The linear bandit problem


January 24, 2014


Sebastien Bubeck


Princeton University


The linear bandit problem is a far-reaching extension of the classical multi-armed bandit problem. In the recent years linear bandits have emerged as a core problem of sequential decision making, somewhat analogously to what happened with linear programming in optimization or linear regression in statistics. Despite its importance we still do not have a complete picture for this problem: in some cases we have optimal strategies (from an information theoretic point of view) but they are algorithmically intractable, while in other cases we even lack information optimal strategies. In this talk I will describe precisely the situation where we stand and the contributions I made to this problem.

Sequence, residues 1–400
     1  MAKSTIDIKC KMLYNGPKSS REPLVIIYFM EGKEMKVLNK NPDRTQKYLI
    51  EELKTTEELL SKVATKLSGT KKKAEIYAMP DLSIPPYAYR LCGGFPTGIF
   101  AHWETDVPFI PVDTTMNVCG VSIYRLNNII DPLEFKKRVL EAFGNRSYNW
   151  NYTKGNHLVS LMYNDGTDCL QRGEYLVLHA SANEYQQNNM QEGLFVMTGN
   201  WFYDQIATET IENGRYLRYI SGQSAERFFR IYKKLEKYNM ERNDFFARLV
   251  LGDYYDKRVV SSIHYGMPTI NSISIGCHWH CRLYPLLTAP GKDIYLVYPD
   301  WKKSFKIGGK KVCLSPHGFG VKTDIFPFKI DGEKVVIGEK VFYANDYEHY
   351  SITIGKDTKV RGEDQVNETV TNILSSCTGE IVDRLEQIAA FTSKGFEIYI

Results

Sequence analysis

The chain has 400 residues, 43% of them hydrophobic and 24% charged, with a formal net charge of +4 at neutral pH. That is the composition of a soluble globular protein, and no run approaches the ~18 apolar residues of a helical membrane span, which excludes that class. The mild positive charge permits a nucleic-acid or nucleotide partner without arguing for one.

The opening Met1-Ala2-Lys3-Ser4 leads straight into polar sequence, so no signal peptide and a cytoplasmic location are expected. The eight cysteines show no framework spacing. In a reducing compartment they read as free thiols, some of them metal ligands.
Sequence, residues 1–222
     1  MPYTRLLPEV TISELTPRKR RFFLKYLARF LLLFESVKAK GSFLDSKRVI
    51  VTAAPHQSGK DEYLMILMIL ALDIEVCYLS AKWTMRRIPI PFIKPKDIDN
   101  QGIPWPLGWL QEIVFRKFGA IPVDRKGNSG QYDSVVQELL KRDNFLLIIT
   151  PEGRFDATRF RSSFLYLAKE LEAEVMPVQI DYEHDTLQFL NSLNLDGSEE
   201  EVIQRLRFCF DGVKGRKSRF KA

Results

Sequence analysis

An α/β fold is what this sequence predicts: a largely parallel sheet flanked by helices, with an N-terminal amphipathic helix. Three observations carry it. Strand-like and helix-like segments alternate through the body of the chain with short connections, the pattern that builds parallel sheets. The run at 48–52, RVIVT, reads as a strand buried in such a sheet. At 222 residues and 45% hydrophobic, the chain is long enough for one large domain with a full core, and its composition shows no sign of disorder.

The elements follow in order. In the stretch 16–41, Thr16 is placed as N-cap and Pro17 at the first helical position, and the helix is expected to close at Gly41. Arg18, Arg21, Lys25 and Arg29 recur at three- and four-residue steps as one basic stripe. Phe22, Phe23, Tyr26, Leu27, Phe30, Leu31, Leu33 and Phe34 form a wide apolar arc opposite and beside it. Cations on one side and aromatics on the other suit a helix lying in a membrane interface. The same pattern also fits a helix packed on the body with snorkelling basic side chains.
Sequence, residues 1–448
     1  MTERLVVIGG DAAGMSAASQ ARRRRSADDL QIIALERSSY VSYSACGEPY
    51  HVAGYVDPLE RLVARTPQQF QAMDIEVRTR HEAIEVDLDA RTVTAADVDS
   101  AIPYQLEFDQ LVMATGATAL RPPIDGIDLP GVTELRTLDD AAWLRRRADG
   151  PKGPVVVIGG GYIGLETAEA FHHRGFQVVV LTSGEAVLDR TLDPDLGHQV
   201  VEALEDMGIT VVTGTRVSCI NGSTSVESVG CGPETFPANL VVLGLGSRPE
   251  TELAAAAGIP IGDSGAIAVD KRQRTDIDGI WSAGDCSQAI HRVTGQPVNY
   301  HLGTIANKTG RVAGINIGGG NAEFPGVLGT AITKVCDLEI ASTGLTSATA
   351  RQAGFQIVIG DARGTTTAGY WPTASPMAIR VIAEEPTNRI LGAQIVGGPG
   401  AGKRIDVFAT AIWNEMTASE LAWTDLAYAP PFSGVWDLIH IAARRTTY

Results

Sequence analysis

Sebastien Bubeck

Sebastien Bubeck is an assistant professor in the department of Operations Research and Financial Engineering at Princeton University. He joined Princeton after a postdoc at the Centre de Recerca Matematica in Barcelona, where he was working with Gabor Lugosi. He received his Ph.D. in mathematics from the University of Lille 1, advised by Remi Munos, after undergraduate studies at the Ecole Normale Superieure de Cachan. His research focuses on the mathematics of machine learning, with emphasis on problems related to multi-armed bandits. His work was recognized by several awards, such as the COLT 2009 best student paper award, and the Jacques Neveu prize 2010 for the best French Ph.D. in Probability/Statistics.